Jaktgatan 11 in Norra Djurgårdsstaden, Stockholm
Hermès closed the season for the second time in a row. The show was staged in the Palais Brongniart. Christophe Lemaire envisions his women a little bit mysterious, a little bit exotic, and fiercely independent. He tipped his cap to trends—lush knitwear, oversize coats—but the slightly exaggerated proportions of his jackets and pants once again seemed more of a reference to Martin Margiela’s tenure at Hermès.
Prada said the collection was “about no useless design,” adding that the intention was “to be more real.” Everything was highly wearable, utilitarian even, when it came to the long raincoats that came in clear plastic or traced with bright graphic stripes, and flat rubber rain boots. The designs come in combinations of sweet pastels — white with pale pink, sea-foam green and baby blue — and classic bolds — gray with royal blue, kelly green and yellow — that were eventually gussied up with foiled brocades and chunky embroideries.
Designer Giambattista Valli went straight for the pre- and après-Soul Cycle set with a sporty, city-minded collection of outerwear for women and men. The show unfurled in three vignettes as floor-to-ceiling screens ringing the runway broadcast urban sprawl, collapsing icebergs and such.
It was the most anticipated show of the season, and it marked a sea change: whimsical romance out; chic pragmatism in. As Louis Vuitton’s creative mantle passed to Nicolas Ghesquière from Marc Jacobs, the difference came into sharp focus. Jacobs is an emotional designer, Ghesquière, a cerebral one — a distinction very evident in their work.
"Wild beauty" was Sarah Burton’s inspiration. She insisted she was over construction, corseting, control. "I wanted to see the woman’s face again," she said. "Free her a bit, touch her, feel her." There was something feral in what she showed. One model was owl-like in a swooping fur cape. Another was swathed in skunk, with fiercely feathered eyes.
Sophie Albou-Mechaly had been thinking about the legendary seventeenth-century fairy-tale author Charles Perrault and his lesser-known fable, Peau d’Âne (The Magic Donkey). The artisanal coolness that she may have been seeking was best captured by the reversible shearling Perfecto paired with guipure lace knee-length shorts.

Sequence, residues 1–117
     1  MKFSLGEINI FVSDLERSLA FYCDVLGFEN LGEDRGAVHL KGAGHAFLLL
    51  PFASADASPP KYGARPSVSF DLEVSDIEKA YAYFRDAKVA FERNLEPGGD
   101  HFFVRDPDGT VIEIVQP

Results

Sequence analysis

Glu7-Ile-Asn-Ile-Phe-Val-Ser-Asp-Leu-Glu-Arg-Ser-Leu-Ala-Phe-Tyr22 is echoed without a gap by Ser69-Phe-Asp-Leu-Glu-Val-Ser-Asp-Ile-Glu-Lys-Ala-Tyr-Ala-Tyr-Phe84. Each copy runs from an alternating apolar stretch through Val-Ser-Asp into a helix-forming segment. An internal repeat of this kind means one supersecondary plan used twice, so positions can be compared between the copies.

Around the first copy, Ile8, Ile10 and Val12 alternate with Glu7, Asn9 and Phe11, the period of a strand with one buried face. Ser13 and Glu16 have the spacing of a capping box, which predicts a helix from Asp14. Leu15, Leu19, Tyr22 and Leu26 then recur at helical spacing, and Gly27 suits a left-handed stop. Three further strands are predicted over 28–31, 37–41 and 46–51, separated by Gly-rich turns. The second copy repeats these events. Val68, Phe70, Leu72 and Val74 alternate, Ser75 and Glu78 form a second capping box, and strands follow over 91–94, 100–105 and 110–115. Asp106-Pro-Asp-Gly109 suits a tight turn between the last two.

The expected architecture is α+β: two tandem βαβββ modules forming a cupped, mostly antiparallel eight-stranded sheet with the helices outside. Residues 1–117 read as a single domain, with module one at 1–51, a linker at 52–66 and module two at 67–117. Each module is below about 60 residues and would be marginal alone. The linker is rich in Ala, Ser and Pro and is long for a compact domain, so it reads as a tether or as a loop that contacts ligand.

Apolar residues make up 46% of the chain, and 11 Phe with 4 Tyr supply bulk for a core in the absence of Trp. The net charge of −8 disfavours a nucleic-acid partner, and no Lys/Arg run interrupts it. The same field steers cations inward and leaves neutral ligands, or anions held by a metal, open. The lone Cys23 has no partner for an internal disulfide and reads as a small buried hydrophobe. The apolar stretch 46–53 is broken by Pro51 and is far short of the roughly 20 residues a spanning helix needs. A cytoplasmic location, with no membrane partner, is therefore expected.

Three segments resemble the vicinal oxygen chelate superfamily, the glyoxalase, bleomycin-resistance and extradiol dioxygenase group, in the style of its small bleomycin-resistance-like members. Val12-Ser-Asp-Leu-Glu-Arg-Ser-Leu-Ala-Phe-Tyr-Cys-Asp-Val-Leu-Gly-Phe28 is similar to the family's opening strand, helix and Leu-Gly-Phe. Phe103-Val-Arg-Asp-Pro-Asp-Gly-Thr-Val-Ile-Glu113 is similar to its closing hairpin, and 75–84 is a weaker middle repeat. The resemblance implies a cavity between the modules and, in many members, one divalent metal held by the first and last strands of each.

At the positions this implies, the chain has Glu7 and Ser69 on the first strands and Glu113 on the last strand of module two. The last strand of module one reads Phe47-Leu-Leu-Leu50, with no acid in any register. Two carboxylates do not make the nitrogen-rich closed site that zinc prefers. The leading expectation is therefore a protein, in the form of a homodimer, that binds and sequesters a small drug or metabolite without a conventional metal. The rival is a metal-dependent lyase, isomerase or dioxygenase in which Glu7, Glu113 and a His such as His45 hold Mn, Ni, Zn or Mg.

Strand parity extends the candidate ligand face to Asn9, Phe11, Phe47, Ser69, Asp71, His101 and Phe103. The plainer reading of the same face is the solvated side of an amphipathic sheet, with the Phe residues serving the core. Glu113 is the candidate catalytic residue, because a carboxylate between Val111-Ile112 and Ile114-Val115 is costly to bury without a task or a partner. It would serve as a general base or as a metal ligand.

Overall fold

As part of her second women’s ready-to-wear presentation, Iris van Herpen delivered a selection of shimmering silver and black dresses that gracefully pooled like liquid around the body. Artist Lawrence Malstaf encased three living, breathing women in super size vacuum-sealed bags, shrink-wrapped as to suggest suspended embryonic states.
Maria Grazia Chiuri and Pierpaolo Piccioli were looking at Italian Pop art from the sixties and seventies. The work of female artists Giosetta Fioroni, Carol Rama, and Carla Accardi decorated their mood boards. The runway proved a broad thematic umbrella. It covered both schools of Pop as well as the idea of the individualist spirits of the artists and a whiff of Sixties Mod. Butterflies from the Haute Couture collection multiplied all over long dresses, but so did roses and birds.
Karl Lagerfeld turned his venue into a big supermarket.The labels of at least five hundred everyday products had been re-coded in Chanelspeak, from the Coco flakes, the Tagliatelle mademoiselle and the Eau de Chanel to the shopping carts. He built a collection from the ground up on the footwear. So the Chanel catwalk accommodated an unusual variety of silhouettes and a massive range of options, from Cara Delevingne’s raggy workout-wear to the sheath of clotted flowers that emerged at show’s end.